My community experience was very meaningful and will always be special to me. During this time, I was working at my old elementary school, P.S. 176 (The Cambria Heights School) as a summer camp counselor. It was not only my responsibility to supervise the students during their day-to-day activities, I, in particular, assisted the Music Club in teaching participating students music theory and how to play the keyboard for an upcoming performance they would take part in. Being my first job, I was initially extremely doubtful that I would have an impact on the students since I was new to teaching younger kids. I am very grateful I was wrong.
When I first started, it was a very slow process. I had to teach these students the foundation of music theory, which involved a lot of sight-reading, note identifications, and basic counting skills. Even though we spent approximately two weeks revising music theory, they seemed very disinterested. This was expected-- all they wanted to do was play the keyboard--but I had to teach them that playing the keyboard is pointless without the proper knowledge behind it. Moving on to the third week, they began practicing the C-Major Scale, and they were astonished by how quickly they were able to learn it. At this moment, they all realized that having the foundation of music theory was essential in learning this instrument.
Moving into the final weeks of the program, along with the Program Manager, we taught the younger kids the song “Going Home” by Antonin Dvorak, while we taught middle school students a more advanced jazz piece called “Road Song” by Wes Montgomery. We decided to make things even more interesting for the two groups of students; Instead of all the students playing the same melody on the keyboard, we wanted to see how skillful they could be with these two songs. Therefore, we made each student have their own individual section. One of the students played the bass, while another played the strings, another was responsible for the melody, and the last student carried it through with the harmony. It was my responsibility on the day of the concert to conduct the younger children in the song “Going Home”, and I was nervous since I never conducted them in front of a live audience before. But while conducting the children when they played, I felt extremely proud of them. Even though it took a lot of discipline, practicing, theory, and rehearsals, every second I spent with the children was worth it because they displayed an excellent performance on the day of their concert.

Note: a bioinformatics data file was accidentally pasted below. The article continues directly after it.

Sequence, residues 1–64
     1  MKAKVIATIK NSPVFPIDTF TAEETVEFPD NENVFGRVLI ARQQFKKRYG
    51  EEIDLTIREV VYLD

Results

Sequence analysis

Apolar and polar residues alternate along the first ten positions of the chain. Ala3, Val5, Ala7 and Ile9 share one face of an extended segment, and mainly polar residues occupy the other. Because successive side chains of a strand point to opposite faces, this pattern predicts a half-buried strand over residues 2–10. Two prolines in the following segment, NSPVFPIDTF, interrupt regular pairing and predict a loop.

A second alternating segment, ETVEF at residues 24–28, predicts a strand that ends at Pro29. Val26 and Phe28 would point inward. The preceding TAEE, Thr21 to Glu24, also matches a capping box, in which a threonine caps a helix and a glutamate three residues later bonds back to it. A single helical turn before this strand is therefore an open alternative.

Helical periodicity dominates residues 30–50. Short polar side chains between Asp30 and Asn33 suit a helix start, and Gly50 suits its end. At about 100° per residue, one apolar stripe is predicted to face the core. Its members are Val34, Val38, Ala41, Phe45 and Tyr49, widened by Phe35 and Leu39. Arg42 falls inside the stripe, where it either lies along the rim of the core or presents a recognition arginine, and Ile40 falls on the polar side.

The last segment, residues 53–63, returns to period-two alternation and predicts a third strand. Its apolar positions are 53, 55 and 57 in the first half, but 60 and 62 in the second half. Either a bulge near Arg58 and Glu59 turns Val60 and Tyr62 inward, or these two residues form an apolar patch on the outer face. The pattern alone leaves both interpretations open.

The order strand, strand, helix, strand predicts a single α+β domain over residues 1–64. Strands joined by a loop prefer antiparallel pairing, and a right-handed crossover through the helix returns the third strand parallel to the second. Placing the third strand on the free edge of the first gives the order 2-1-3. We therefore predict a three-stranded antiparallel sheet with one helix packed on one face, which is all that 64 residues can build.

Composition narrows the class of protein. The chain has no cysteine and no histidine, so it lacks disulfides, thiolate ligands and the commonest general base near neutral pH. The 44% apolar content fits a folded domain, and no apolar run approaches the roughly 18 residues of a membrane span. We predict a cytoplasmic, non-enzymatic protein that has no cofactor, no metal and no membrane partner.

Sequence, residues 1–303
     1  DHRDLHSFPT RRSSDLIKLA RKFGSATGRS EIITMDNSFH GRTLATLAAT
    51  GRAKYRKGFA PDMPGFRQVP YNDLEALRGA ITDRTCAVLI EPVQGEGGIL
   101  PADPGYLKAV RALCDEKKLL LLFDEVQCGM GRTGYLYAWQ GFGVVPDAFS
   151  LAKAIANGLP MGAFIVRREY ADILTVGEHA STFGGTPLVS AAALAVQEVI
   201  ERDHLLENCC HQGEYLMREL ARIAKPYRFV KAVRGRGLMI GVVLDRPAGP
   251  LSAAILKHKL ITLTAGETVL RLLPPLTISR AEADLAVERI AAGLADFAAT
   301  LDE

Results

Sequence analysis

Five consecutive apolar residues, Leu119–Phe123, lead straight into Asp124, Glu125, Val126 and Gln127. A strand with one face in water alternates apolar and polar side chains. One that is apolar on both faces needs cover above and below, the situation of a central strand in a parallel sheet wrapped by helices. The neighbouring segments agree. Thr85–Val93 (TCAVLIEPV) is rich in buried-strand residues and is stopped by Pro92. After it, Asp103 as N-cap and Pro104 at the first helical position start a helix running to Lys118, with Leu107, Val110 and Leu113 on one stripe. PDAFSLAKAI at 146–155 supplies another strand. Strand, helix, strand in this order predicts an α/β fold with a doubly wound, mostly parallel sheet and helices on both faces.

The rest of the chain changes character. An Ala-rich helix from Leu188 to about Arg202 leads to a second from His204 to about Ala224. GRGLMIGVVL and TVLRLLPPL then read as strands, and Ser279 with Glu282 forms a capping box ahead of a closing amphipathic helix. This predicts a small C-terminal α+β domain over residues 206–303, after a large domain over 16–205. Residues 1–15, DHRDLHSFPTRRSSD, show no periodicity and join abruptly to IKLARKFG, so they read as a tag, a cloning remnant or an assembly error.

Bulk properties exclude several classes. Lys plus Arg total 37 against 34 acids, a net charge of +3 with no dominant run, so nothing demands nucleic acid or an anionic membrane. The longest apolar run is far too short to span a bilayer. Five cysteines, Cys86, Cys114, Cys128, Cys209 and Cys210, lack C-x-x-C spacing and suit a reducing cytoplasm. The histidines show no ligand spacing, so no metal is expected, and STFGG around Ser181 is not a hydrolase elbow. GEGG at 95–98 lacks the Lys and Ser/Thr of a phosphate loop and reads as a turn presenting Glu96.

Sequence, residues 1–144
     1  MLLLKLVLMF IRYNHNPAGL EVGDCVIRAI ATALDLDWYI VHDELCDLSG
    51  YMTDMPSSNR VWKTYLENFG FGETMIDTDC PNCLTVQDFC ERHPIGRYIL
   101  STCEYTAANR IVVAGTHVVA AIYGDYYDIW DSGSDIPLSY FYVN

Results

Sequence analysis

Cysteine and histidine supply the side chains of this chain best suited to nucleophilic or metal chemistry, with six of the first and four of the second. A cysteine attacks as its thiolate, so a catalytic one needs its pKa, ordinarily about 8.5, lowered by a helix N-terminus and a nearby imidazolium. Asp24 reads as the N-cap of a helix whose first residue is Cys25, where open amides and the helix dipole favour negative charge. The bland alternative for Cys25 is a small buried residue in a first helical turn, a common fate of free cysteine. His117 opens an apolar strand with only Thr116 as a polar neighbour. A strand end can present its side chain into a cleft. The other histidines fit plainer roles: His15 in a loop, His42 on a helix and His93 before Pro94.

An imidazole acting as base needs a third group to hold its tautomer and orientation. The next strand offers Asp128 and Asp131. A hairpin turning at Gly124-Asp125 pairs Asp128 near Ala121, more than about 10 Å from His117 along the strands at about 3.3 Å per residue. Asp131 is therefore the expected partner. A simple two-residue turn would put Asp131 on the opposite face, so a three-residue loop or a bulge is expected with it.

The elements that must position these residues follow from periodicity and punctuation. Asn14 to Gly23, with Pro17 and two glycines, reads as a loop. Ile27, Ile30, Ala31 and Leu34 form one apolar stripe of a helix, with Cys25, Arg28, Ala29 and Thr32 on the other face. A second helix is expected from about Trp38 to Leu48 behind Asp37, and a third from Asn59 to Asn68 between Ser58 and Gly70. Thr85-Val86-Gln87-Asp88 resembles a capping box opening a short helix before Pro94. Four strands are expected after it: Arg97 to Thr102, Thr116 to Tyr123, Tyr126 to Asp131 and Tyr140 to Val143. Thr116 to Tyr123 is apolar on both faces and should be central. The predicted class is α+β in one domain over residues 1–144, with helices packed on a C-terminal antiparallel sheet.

This opportunity was also serendipity because practicing with the children also inspired me to continue one of my passions of playing the piano, no matter how busy I may be. That same year I got a keyboard for my personal use, so now every day I have a constant reminder and motivation to play my favorite instrument because of the children I taught. The inspiration was mutual, which is very beautiful to me. Overall, this opportunity to give back to my community, to make a connection with the students that I will be making in the near future while taking the time to gain a love for my passion all over again was a very heart-warming experience. I was so grateful to work with them officially because I always wanted the chance to help spread creativity to the children and to give back to my school and community. I am glad that I was a part of that process. This is why this community service is very meaningful to me and it will definitely be an experience I will never forget, no matter how far I go in life.
Although music and musical education are one of my passions, medicine is my main passion. The experiences that I had learning and teaching children will translate to what I will do in the medical field as well. The main thing I learned while working there was that some things take time and patience for them to blossom into success. Having this value will be a very great trait to have while working in medicine. Becoming a physician is an extensive process, and having the ability to have the proper patience to achieve this goal may be challenging, but I know that each day I put into my studies will be worth it because, in the end, I will have the skill to show all the hard work and effort I put in for this accomplishment.
One of the reasons why I chose to dive into the medical field was that I love the idea of helping others with their situations. There were incidents such as my father suffering from kidney stones, and I couldn’t do anything because I was impotent. I am very grateful that my family is alive and well today, which motivates me to help the people that surround me with their physical, mental, and emotional needs. Being able to assist others is second nature to me, and I always do the best I can in any situation I put myself in. In addition, I always help and give back to my school and community because the notion of lending a helping hand when necessary is very important to me. I accomplish this through the National Honor Society, where it is our responsibility and duty to give back to our school and community. While being a part of this organization, I have participated in numerous walks such as the Alzheimer’s and Breast Cancer Walks to help fight these diseases and show support for the people who need them. In addition, for the past three years, I have been tutoring middle school students in Mandarin. I also help raise money for our school with bake sales and donate to canned food drives. In my opinion, being helpful is a powerful characteristic to have while being in the medical field, a trait essential to becoming a great doctor.